Sarcomas are called “orphan” diseases. Most medical professionals have never seen a case of it. Most people haven’t heard of it and can’t pronounce it.
But when I was diagnosed with sarcoma I knew all about it. I had hope because I knew someone who had survived it. That person was in my own family—my dad.
My dad was diagnosed with chondrosarcoma, cartilage cancer, in 1998. He had a tumor in his right arm. Fortunately, it was a slow growing tumor and was still treatable when they found it. Doctors removed his right humerus and replaced it with a cadaver bone. He has been cancer free for over 10 years.
My tumor was in my sternum. My family physician, Bruce Higginbotham, realized that something wasn’t right and sent me to Johnston Memorial for a CT. I will never forget the Friday night he called to tell us that although they were not sure what I had, it could be cancer.
The tumor was the size of a baseball. A cardio thoracic surgeon removed the tumor, my sternum, the tips of my collar bones and the tips of several ribs. I remember waking up in the intensive care unit and even though I was in terrible pain, I could breathe easier like a burden had literally been lifted off my chest. Because the tumor had actually grown outside the bone it was difficult to get clear margins and two weeks later I received the news that I would have to also have inpatient chemo and radiation.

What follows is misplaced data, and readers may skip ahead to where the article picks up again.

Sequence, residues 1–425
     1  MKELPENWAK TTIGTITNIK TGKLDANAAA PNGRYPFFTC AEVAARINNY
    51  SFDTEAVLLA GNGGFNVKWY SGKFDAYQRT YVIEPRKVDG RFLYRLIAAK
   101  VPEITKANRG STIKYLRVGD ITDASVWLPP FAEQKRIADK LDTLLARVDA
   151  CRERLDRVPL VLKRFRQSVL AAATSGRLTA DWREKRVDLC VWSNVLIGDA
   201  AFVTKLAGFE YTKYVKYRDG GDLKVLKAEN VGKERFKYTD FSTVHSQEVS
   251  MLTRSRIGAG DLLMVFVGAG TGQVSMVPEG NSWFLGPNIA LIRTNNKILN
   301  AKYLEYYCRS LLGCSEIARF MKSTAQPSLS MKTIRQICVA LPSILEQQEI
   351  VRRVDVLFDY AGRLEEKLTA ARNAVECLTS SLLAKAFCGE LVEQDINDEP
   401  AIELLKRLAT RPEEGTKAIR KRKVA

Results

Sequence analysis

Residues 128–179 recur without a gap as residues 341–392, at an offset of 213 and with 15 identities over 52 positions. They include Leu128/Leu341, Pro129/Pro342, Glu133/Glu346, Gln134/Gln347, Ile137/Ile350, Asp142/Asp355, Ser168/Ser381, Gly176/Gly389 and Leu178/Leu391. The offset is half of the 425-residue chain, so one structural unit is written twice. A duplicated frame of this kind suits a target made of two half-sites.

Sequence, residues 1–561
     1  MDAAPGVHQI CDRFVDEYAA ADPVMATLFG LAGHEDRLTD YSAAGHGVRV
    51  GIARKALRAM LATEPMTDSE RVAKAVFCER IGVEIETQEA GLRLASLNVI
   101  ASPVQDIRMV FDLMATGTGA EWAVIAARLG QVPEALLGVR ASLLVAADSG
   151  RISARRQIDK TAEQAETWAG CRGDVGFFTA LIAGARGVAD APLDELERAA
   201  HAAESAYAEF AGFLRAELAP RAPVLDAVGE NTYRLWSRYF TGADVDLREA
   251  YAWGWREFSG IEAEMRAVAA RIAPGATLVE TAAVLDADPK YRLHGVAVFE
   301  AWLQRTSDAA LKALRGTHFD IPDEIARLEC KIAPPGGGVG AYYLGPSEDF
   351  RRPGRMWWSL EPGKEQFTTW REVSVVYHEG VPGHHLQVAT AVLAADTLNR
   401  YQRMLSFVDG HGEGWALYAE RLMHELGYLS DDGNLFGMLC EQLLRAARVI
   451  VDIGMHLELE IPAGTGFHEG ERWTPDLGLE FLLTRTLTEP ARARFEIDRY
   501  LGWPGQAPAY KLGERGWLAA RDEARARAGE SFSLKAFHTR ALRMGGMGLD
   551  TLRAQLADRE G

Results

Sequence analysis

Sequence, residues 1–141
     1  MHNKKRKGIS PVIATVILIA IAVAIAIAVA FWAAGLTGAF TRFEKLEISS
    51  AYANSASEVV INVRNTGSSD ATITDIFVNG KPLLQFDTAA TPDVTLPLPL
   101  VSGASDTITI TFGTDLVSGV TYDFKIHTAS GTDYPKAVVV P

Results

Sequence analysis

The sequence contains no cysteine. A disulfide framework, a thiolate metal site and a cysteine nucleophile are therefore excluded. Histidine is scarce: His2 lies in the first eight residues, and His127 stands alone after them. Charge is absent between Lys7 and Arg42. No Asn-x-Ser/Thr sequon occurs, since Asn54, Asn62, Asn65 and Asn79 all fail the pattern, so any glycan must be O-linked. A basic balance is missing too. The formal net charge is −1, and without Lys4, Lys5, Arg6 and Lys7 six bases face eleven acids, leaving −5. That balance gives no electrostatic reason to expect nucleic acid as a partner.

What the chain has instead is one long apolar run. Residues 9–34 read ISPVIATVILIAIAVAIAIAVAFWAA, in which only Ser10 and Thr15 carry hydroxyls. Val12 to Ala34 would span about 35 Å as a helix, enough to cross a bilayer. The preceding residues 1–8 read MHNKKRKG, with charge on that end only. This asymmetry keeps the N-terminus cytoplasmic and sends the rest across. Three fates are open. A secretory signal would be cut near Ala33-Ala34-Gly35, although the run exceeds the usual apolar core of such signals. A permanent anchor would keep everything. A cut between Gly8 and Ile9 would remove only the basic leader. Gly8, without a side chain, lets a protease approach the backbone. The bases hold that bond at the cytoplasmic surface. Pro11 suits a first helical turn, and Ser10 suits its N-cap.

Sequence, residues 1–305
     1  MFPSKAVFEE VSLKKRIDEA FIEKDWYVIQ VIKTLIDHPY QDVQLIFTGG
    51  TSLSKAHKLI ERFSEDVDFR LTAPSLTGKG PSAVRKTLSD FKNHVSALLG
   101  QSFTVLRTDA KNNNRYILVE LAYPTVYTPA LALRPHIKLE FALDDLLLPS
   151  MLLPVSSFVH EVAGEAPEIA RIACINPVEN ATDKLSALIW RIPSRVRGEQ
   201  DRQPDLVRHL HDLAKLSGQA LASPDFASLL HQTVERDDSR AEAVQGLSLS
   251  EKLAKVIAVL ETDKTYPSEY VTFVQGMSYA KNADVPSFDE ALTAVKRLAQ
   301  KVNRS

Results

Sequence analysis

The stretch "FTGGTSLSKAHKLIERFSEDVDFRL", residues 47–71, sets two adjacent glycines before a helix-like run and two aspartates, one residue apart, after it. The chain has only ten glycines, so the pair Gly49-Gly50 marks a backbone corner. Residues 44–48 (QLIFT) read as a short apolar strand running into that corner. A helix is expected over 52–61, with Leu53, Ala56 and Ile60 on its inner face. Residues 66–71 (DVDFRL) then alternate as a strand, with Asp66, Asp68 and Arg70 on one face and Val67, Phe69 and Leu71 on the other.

I spent almost 50 weeks in the hospital and lost my hair 3 times. During the entire time our church family at Abingdon Bible, friends, relatives, and even total strangers rallied around our family to help us. They provided meals, drove me to the hospital, took care of our yard and washed all our laundry. And we had lots of laundry. At the time of my diagnosis our four sons were two, three, five and seven.
I found out that just because you have an “orphan” disease does not mean that you have to be alone.
I am so thankful for all the teams that have rallied around Penny for this event! I am excited about the medical breakthroughs that will be funded with the money we have raised and hope that one day no one will have to feel alone because they have a disease like sarcoma.